App-arently, It Could Be Easier to Grab a Cab

Entrepreneurs Seek New York City Nod for Online Taxi App

Flagging Interest:  Jing Wang Herman is the local head of GetTaxi, an Israeli company vying for the right to be New York’s official cab-hailing app.
andrea palatnik
Flagging Interest: Jing Wang Herman is the local head of GetTaxi, an Israeli company vying for the right to be New York’s official cab-hailing app.

By Andrea Palatnik

Published September 12, 2012, issue of September 14, 2012.
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As those who live in the city will tell you, anyone who thinks New Yorkers can catch a New York cab in a New York minute does not live in New York.

But now, the city’s Taxi & Limousine Commission is set to award an exclusive contract for a cab-hailing app with a receiving device that will be installed in all city taxis. The smartphone app, with its plethora of features, promises to revolutionize that quintessential New York experience of cabbing it when time is urgent and you’re running late.

Among other things, the app will allow individuals seeking a cab to alert any taxi driver within the vicinity that they are on the street and ready to board. Potential passengers who are near each other and heading in the same general area will also be able to find each other with this app and share a ride. The app will also allow customers to pay for the fare without ever touching their wallets, recover lost items and even rate a driver’s performance behind the wheel.

It’s the TLC’s way of trying to stay ahead of the companies’ plans to introduce their apps to New York taxi drivers on their own, while trying to preserve what it can of the decades-old TLC rule that forbids yellow cabs from taking remote pick-up requests from riders.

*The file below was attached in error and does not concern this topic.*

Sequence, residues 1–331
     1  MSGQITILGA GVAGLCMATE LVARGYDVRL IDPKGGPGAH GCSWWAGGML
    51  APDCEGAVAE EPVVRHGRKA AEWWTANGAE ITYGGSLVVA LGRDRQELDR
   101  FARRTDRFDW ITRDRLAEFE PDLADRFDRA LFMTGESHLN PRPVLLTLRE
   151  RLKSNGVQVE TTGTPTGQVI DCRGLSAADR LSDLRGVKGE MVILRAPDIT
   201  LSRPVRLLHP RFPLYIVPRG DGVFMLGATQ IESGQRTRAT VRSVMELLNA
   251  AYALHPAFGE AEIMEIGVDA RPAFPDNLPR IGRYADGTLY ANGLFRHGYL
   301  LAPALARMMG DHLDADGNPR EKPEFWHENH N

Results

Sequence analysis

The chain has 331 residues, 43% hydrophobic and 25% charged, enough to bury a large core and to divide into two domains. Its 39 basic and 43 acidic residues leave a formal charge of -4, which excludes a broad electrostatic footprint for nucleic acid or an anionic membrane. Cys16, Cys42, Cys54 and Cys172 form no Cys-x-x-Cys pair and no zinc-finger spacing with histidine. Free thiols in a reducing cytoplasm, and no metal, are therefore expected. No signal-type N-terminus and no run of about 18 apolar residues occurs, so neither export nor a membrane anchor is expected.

This being New York. there is, of course, a Jewish angle to the bidding contest for this lucrativefranchise: Jews run three of the companies reported to be under top-tier consideration. Each of the three has its own unique Jewish story. Collectively, they also reflect the heavy involvement of Jews in the burgeoning field of developing practical new software apps.

One of the companies, GetTaxi, is based in Israel. Its founder, Shahar Waiser, was born in Moscow and made aliyah at age 15, leaving his parents behind. Waiser finished high school in Tel Aviv while living in immigrant housing. He joined the Israeli Army soon after. There, while working for the army’s technology division, Waiser founded a startup listing classified ads for real estate and cars, the first of six firms he has founded so far. GetTaxi, which opened in April 2010, operates in Israel, Russia and the United Kingdom — and, soon, too, Waiser hopes, in New York.

“If we could change the way taxi drivers behave in Israel, we can do it everywhere,” Waiser said. He noted that his app seeks not only to make passengers’ lives easier, but also to change the whole experience of using taxis as a means of transportation.

Waiser recruited Jing Wang Herman to be the face of GetTaxi in New York. Born in China, she is married to Matthew Herman, a noted Jewish chess prodigy, and is in the process of converting to Judaism. Herman, 30, gave up a promising career in finance to, in her own words, follow an old-time passion. She admires taxi drivers for their freedom — “New York City is their office” — and for how knowledgeable they are about the city.

“To me, to be a New Yorker is to know New York like the back of your hand, and I think cab drivers are at the top of that list,” said Herman, who is the CEO of the U.S. division of GetTaxi.


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